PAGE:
217-953-4826

Springfield Personal Injury & Workers' Compensation Blog

You are entitled to protection against heat-related illness

Are you a construction worker in Illinois, or do you work in landscaping, transportation, agriculture or on an oil rig? These are but some of the outdoor jobs that expose workers to the wrath of the sun. Thousands of workers suffer heat-related illnesses every year — some of them do not survive. Just like protecting their employees from exposure to the cold of winter, employers must take steps to protect workers from excessive heat in the summer.

Heat illness is preventable, and safety training can teach workers to recognize the symptoms. Prompt treatment during the initial stages can prevent a worker's condition from deteriorating until it becomes a life-threatening situation.

Is fatigue a threat to your safety as a commercial driver?

If you are a commercial truck driver in Illinois, you might be aware of the many hazards you face on every trip. Fatigue is a significant contributor to the number of truck accidents that occur in Illinois every year. Compliance with the laws that restrict your hours of driving and learning the telltale signs of exhaustion or fatigue might keep you safe behind the wheel of your big rig.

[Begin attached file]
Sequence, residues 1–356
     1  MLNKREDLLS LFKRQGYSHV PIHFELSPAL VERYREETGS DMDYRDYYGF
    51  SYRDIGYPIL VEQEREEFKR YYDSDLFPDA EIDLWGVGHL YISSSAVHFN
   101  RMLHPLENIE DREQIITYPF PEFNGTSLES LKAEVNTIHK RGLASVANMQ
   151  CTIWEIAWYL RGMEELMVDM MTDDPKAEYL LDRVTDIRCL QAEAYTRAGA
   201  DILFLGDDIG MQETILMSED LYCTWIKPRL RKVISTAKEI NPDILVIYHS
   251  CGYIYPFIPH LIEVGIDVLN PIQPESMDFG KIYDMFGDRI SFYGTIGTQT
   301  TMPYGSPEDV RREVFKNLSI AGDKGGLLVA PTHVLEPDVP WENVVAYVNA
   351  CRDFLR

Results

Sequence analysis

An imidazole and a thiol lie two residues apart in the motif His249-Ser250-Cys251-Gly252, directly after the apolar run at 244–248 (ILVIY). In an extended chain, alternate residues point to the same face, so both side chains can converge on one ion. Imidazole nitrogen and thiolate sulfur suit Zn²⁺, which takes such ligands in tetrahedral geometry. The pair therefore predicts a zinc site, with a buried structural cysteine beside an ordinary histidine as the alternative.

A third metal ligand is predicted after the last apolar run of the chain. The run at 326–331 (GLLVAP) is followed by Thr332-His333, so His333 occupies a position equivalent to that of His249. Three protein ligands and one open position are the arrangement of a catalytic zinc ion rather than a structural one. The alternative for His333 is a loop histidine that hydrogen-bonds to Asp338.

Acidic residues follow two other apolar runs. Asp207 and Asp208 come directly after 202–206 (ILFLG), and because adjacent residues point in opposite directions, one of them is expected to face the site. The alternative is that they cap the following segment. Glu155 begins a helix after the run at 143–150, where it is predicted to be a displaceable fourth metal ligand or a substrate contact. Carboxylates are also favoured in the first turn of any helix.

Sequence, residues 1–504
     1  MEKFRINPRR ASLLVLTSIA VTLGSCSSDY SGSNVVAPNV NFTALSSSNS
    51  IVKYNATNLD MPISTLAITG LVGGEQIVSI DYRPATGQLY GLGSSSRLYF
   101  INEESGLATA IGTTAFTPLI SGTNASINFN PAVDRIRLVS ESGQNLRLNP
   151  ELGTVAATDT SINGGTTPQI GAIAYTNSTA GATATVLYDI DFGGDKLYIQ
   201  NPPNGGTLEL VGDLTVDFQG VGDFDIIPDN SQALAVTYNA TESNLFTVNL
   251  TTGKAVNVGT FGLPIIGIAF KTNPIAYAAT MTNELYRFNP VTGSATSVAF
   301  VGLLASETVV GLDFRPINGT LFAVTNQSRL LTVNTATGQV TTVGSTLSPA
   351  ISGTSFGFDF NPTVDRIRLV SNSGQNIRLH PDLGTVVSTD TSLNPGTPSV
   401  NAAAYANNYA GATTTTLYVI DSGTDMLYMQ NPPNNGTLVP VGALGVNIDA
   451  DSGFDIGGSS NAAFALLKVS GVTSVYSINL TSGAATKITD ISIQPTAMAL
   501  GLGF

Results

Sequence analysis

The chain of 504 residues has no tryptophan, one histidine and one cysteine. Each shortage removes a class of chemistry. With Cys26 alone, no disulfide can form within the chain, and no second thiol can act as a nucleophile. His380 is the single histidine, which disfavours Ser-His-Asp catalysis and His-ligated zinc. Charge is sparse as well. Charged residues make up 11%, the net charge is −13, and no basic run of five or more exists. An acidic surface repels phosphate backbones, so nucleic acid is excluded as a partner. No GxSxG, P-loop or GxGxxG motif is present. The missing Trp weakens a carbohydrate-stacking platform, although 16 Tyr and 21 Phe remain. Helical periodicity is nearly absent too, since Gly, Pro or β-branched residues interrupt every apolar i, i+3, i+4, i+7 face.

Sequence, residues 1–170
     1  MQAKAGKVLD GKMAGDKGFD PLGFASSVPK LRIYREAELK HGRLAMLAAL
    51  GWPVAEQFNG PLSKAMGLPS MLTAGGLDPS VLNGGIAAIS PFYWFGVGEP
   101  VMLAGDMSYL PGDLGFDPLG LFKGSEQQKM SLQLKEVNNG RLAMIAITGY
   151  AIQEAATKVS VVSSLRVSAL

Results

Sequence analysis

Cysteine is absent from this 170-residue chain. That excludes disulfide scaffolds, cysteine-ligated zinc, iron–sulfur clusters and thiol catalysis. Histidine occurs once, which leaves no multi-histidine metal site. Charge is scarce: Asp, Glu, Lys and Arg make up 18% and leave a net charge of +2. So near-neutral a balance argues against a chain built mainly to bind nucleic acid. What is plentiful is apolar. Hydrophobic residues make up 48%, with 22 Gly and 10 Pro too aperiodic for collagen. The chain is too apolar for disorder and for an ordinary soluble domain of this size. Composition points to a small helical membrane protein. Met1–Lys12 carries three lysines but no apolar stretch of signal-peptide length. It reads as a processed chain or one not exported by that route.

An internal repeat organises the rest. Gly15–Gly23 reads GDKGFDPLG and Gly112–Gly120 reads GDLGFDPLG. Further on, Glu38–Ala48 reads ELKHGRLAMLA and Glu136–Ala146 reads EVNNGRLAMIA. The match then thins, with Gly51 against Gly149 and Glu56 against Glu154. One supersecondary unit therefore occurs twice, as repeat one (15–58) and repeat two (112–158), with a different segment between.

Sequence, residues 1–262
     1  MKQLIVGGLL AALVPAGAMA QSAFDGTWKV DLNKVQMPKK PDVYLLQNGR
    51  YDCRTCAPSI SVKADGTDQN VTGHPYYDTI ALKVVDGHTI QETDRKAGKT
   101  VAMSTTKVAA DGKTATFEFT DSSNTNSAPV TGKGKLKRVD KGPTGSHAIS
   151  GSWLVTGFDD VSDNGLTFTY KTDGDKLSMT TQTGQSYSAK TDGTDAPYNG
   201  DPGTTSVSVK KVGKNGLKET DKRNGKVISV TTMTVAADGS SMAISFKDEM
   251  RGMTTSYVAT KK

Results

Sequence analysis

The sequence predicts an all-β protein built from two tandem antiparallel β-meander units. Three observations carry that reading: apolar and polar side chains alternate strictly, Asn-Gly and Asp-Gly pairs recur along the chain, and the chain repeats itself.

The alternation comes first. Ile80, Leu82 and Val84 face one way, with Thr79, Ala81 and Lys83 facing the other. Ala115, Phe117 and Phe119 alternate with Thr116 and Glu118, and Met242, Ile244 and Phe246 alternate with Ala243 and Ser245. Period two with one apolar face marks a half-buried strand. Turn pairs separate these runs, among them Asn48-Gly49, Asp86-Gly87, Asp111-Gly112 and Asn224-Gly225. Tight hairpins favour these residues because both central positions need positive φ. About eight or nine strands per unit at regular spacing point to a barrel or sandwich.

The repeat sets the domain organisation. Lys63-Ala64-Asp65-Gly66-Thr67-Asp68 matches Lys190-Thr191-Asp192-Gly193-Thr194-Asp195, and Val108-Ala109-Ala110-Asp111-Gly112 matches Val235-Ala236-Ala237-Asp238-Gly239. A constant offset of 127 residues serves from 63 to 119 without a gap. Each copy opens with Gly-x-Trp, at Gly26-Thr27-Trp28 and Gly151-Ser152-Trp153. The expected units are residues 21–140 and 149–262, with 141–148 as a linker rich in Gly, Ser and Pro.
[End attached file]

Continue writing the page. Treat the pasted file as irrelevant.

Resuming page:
Driver fatigue is more likely to occur if you do not get enough sleep between shifts or before a long trip. Fatigue builds over several days of insufficient sleep, making you more vulnerable toward the end of a long haul.

Do you put your life on the line to care for others?

The Occupational Safety and Health Administration classifies any person who provides direct or indirect health services as a health care worker. This includes not only hospitals and nursing facilities but also dental offices, laboratories, physicians' offices, residential care, outpatient care facilities and more. The Bureau of Labor Statistics says approximately 18,000 people work in this industry nationwide, and this is about 300,000 more than in 2017.

The list of hazards that health care workers face is endless. If you are working in this fast-growing industry in Illinois, the best way to protect yourself from harm may be to learn more about the typical hazards of the industry. While each division might pose unique risks, some dangers threaten workers across the industry.

Pedestrians in harm's way

If walking is part of your day, whether for transportation, health or enjoyment, you may sometimes feel as if you are invisible to motorists. Even when you use the crosswalks and obey pedestrian signs, you may not be completely safe. You can likely recount many close calls with motorists along your daily walk.